Achieving Person-centered Care: The Need for Multiple Strategies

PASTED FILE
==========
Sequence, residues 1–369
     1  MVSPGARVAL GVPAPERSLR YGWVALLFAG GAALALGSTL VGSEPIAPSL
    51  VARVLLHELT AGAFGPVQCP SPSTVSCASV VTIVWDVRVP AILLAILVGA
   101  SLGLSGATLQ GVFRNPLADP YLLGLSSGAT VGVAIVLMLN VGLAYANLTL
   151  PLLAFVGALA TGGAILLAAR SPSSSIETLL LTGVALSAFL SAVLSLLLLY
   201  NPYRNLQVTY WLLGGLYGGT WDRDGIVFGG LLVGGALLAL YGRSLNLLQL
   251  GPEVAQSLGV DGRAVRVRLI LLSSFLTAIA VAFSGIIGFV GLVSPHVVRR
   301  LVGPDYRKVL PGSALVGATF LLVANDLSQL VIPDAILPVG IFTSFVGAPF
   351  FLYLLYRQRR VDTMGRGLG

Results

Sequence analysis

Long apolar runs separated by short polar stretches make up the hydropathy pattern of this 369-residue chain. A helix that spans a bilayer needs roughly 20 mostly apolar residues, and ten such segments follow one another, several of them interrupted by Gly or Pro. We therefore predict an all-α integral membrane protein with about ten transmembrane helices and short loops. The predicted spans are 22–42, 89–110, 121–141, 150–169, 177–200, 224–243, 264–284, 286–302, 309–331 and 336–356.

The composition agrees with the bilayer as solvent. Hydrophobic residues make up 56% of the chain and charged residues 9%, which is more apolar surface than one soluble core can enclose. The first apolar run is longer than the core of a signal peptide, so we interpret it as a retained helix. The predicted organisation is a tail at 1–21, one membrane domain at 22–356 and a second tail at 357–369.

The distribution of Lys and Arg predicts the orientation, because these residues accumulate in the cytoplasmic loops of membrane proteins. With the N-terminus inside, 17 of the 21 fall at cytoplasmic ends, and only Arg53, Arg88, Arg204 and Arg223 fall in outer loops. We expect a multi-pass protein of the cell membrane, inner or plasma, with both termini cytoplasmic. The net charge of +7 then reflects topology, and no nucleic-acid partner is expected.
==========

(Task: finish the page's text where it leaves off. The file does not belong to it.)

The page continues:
AbstractBackground: Evidence from patient satisfaction surveys, needs assessments, and stakeholder forums provide a clear picture that cancer patients are not receiving the full range of supportive care services that could be of benefit to them. The cancer system needs to undergo a shift toward person-centered care. Such a cultural shift requires concerted effort and multiple strategies to be successful.Objective: The purpose of the Cancer Journey Action Group of the Canadian Partnership Against Cancer is to provide leadership to achieve person-centered care in the Canadian cancer care system.Methods: The Cancer Journey Action Group has developed and implemented several initiatives to demonstrate how person-centered care can be achieved. The initiatives include programs in screening for distress (6th vital sign), patient navigation, on-line support groups, survivorship care plans projects, cancer transition education, and palliative care/end-of-life education. Tools to support this work have been designed including evidence-based practice guidelines, algorithms, and on-line education modules. Evaluation has focused on program uptake, educational effectiveness, inter-professional teamwork and patient satisfaction.Results: All initiatives have been evaluated by patients/survivors as helpful. Issues of importance to patients/survivors are the focus of conversations with, and assessments by, health care professionals. Critical success factors across the respective programs for achieving person-centered care include clarity of a shared vision, leadership, persistent and concerted effort, and consistent messaging in communications.Conclusions: Demonstration projects undertaken for each topic area have provided an excellent opportunity to learn about best practices to implement the respective approaches. Guiding principles for implementation and relevant tools/resources have been developed as a result. Although progress toward person-centered care is evident, intentional and concerted efforts are necessary to sustain momentum of these efforts in routine clinical practice.
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